Burlesque on Carmen (1915)
I’m going a bit backward, reviewing this one now, since it was actually the last movie Charlie Chaplin made in 1915, but since I just did the DeMille “Carmen” last night, it’s appropriate. So far as Chaplin goes, the story is this: at the beginning of 1914, he met Mack Sennett and signed up with Keystone, rapidly producing a few dozen shorts and “Tillie’s Punctured Romance” and becoming a star in the process. At the end of the year, he demanded a raise to $1000, which is a lot more than I make, but not considered all that much for a movie star nowadays. Sennett refused him, so he signed with Essanay, who came up with the money and gave him even better exposure. By the end of that year, he was a worldwide mega-star (I just read a letter in the “Moving Picture World” today from South Africa, talking about how much they all loved him there), and wanted still more money. Once again, Essanay refused the raise, so he signed with Mutual for ten times as much. But before his Essanay contract ran out, he made this spoof of the popular opera/novel/movie(s).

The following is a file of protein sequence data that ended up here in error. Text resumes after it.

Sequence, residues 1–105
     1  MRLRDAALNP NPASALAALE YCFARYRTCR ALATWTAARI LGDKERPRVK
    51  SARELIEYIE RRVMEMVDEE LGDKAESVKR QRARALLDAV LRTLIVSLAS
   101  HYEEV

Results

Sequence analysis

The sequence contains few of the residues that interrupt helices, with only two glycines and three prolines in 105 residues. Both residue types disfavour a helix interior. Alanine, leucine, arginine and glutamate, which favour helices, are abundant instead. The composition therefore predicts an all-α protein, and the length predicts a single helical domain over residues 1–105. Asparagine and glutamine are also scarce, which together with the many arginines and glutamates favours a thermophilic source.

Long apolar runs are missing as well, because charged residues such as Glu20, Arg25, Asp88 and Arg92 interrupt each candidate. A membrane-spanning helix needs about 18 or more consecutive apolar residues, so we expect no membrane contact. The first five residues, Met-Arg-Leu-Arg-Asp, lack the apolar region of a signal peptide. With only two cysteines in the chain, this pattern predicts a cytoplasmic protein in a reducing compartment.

So how is it? In comparison to Chaplin’s Keystone work, it’s leaps and bounds ahead. The story is more complicated, his style is more honed, and there’s more room for his co-stars to get in some good parts. The filmmaking of 1915, as I’ve mentioned several times this year, is much closer to what we expect in a modern film, and I think there’s actually more use of close-ups and multiple shots within scenes than we saw in DeMille’s version. The plot is basically a speeded-up version of that one, with gestures, costumes, and title cards borrowed or deliberately sent up at several points. Edna Purviance, who plays Carmen, is perfect, both as a compliment to Farrar’s sophisticated yet bestial sensuality, and as a skilled comedienne with a sense of timing to match Chaplin’s. Chaplin is more or less doing his “Little Tramp” character in a uniform here, and in the year since he left Keystone, he’s made that character more sympathetic and more believable. A running gag involves the fact that his full-size sword sheath contains only a tiny dagger, which he tends to whip out at inopportune moments. No Freudian humor here or anything. I’m looking forward to getting fully caught up with Chaplin’s Essanay career as the year progresses.
Director: Charlie Chaplin
Run Time: 31 Min, 24 secs
You can watch it for free: here (Sorry, no music)